Evidently women have no problem getting elected when they contest elections, nor is there any evidence that women are disproportionately disadvantaged at the nomination and candidate selection stage. No hard data has yet been produced to show that women who seek a party nomination in Ireland are less like to be selected than their male colleagues. Indeed, if we were to remove the distortion of male incumbents at party conventions the success rate of women coming through as new candidates is very impressive. This is irrespective of the form the selection process takes, be it by ‘one member, one vote’, head office interview or delegate-based convention.
No other country operating gender quotas has our electoral system of Multi-Seat constituencies with PR-STV. As the psephologists tell us the more candidates you run, over and above your seat target, the more seats you forfeit as a result of transfers drifting away as the counts go on. Such quotas will require parties who have seats at present to run more candidates than is advisable. The lack of debate from within the membership of the larger parties on this unprecedented act of electoral altruism, this willingness to hobble their own chances, demonstrates how poorly thought out and understood the consequences of this bill are.
In the Minister for Environment’s own constituency, unless one of his recently elected male party colleagues stands down, Fine Gael will be compelled to run an extra candidate where there is no realistic chance of a 4th seat and, in so doing, will imperil at least one the party’s three seats, in the face of a strong SF and FF challenge.
The money and resources for election campaigns come from individual party activists, not party HQs – people who cannot be compelled by legislation to work or invest their time in candidate Y rather than candidate X.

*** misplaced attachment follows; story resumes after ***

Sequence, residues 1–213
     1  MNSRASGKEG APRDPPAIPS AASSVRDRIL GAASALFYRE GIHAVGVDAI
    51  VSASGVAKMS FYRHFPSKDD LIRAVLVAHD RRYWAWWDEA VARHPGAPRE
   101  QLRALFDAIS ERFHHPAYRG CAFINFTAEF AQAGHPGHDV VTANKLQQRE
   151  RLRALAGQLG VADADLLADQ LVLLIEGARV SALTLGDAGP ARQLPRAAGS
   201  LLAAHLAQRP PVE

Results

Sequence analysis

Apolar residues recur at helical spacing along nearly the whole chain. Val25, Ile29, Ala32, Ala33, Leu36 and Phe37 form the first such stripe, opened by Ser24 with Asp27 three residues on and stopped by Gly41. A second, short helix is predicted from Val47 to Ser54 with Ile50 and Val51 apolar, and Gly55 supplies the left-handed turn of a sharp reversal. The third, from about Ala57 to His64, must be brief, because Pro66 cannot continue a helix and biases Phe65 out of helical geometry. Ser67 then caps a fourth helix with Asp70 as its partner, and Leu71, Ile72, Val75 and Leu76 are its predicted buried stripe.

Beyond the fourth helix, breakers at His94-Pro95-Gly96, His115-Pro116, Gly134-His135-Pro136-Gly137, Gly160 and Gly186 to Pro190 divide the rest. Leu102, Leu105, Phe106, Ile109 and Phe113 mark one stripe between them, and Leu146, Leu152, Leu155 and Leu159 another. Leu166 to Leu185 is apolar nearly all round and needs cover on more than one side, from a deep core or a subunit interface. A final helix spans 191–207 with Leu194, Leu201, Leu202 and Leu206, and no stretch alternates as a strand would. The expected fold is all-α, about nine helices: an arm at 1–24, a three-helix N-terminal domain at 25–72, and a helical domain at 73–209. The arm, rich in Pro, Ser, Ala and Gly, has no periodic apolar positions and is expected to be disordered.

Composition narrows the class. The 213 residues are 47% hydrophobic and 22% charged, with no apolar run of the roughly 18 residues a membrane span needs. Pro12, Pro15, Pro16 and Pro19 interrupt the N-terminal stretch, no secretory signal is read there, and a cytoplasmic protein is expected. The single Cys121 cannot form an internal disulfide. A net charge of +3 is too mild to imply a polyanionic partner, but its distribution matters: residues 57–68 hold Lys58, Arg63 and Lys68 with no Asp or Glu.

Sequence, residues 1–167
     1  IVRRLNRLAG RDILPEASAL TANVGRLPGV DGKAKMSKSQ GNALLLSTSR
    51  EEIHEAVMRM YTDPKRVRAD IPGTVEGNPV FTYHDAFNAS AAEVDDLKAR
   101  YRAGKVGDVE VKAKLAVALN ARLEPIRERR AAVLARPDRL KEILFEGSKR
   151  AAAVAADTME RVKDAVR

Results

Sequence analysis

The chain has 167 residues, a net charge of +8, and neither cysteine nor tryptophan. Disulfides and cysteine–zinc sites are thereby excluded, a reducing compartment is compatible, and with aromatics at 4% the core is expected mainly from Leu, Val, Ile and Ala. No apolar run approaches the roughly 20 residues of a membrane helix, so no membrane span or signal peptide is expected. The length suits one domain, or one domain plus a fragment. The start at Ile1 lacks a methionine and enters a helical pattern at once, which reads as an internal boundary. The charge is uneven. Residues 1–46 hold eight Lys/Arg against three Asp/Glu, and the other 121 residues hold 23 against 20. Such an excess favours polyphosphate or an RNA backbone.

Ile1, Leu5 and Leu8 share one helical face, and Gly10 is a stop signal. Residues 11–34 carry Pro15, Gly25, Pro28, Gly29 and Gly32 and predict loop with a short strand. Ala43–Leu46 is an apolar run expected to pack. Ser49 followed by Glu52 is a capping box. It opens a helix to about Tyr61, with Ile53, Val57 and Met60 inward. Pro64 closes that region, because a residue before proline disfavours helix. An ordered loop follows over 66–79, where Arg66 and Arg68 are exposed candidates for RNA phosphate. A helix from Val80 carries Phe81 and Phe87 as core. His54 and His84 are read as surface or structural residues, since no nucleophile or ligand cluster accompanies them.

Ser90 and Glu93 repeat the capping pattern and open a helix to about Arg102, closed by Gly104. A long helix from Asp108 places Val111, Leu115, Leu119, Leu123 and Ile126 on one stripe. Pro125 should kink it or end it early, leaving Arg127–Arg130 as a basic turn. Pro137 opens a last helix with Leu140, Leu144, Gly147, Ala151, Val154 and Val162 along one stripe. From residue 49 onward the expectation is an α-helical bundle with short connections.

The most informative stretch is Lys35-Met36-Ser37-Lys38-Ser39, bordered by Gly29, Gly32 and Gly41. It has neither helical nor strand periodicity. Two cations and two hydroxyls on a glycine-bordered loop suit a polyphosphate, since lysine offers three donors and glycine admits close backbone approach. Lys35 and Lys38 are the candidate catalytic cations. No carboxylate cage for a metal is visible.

This is a superficial gesture instead of the frank debate on political reform we really need. We must be more ambitious and look to overhauling the entire electoral system with cost-effective and accessible measures to encourage parties to take risks in running more diverse tickets. We could utilise PR-STV more, by making all parties run twice the number of candidates as there are seats in a constituency, creating an open, local list system with instant primaries.
The likely outcome of this legislation is to allow a power-grab by the party elite over ordinary members and encourage the political parties to be more conservative, not less, in their candidate selection. They will choose from the same pool of the middle-aged and middle class, with money to spare, no childcare problems, the right family connections or an inside line to the party hierarchy. We’ve seen too much of this.
Those advocating gender-based quotas are merely salving the symptoms of a much larger problem while allowing the apathy of the people to grow. It’s not simply that we need more women as candidates; we need everyone involved in what must be the grandest contest of ideas imaginable. We have never needed it more than now.
Note this was published in the Irish Times last year but I never got around to posting it here.